Darla Cherry, who has multiple sclerosis, cares for the horses more for love than money:
Her most recent castoff was Star, an 11-year-old Quarter mare acquired in June. A woman paid Cherry the requested $200 donation and handed over the horse, with a local television news crew on hand to film the exchange.
A day later, the check bounced, the woman’s phone was shut off and Cherry discovered Star suffered from a deformed flapper in her throat.
The condition left her so ill, her breathing sounded like “a train coming down the barn,” said Dr. Keith Huffman, a veterinarian who performed a tracheotomy on Star at Retama Equine Hospital in Selma after someone volunteered to pay the horse’s medical costs.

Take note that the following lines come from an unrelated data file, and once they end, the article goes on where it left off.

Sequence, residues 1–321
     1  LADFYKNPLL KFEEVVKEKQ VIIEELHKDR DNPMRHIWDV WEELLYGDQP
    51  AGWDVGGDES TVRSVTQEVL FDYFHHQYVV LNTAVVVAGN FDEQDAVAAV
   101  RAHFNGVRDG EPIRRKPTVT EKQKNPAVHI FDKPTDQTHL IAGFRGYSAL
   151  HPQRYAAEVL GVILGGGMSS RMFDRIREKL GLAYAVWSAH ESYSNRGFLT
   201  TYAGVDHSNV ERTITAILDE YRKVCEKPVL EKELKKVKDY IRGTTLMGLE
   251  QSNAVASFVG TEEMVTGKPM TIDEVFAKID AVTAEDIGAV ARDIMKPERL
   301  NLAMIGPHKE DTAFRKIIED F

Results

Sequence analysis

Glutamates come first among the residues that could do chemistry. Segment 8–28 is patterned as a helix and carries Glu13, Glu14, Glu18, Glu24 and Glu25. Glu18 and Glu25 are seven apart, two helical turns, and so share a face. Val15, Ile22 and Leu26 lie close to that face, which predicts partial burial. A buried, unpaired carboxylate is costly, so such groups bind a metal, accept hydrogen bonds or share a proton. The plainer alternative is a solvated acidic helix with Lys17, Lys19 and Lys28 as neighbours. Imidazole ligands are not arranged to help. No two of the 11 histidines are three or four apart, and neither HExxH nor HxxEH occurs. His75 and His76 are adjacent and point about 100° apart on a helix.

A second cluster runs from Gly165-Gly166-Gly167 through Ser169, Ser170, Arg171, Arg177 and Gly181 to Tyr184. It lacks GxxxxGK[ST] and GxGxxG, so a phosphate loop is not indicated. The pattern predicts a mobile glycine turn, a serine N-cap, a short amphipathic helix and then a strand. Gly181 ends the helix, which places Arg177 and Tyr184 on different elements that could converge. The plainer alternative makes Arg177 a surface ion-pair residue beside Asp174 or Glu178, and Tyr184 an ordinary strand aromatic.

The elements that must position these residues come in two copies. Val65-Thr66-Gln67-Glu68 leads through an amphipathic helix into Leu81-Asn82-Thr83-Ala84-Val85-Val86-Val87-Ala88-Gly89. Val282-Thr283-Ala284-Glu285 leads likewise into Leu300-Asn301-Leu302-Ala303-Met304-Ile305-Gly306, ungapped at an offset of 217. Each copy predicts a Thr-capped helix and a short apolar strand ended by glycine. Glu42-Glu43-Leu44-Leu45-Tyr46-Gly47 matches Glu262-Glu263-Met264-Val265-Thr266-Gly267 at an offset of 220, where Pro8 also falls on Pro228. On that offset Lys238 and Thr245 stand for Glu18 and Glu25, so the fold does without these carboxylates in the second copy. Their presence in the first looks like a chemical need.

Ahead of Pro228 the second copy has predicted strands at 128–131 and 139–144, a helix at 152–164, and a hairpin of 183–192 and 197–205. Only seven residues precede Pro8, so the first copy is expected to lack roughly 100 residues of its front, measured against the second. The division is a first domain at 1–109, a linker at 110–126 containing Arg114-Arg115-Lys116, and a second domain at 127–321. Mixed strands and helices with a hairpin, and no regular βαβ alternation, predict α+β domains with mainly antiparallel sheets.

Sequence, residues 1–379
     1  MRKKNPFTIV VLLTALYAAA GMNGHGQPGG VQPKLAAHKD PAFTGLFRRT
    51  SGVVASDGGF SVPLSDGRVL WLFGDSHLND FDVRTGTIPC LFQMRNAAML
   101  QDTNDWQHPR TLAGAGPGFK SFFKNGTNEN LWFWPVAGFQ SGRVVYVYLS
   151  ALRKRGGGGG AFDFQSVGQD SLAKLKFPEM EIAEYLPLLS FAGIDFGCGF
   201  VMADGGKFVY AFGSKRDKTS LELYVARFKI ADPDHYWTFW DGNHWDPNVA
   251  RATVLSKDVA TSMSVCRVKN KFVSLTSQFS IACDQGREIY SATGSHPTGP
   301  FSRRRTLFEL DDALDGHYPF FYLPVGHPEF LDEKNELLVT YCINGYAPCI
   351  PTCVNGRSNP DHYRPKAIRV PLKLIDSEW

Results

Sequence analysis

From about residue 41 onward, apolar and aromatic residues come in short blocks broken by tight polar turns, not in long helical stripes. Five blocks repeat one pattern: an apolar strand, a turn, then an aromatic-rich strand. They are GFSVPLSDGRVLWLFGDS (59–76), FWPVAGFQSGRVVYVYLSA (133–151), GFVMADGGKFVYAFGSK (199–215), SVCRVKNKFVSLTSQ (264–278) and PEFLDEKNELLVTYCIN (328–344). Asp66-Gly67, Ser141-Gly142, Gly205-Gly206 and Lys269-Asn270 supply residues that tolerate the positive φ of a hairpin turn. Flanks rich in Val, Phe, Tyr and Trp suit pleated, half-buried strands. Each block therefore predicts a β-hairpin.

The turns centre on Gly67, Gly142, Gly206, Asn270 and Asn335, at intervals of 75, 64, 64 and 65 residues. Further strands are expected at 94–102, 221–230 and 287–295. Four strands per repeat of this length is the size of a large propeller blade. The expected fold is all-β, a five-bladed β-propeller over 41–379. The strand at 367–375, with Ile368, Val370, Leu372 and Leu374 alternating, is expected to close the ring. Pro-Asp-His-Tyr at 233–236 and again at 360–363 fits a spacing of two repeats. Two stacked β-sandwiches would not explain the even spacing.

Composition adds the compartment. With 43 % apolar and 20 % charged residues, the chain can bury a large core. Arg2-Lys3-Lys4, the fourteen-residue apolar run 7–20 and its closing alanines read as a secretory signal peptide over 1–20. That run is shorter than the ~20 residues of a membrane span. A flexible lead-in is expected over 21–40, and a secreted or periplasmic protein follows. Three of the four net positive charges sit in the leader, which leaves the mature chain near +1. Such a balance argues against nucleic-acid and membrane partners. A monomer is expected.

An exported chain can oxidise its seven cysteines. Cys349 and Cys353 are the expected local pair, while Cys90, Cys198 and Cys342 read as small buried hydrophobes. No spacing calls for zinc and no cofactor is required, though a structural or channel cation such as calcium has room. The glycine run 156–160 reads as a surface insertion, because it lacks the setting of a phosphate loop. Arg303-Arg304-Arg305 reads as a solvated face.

“I guess you don’t realize how much economics play into all of this,” Huffman said. “That’s a big part of treating horses. A lot of people can’t afford things that maybe need to be done.”
The story reminded me of an excellent article by Lisa Sandberg about horses that are taken to Mexico to be slaughtered for meat. In 2006, I also wrote a story about the hundreds of racehorses in Texas that die on the track every year.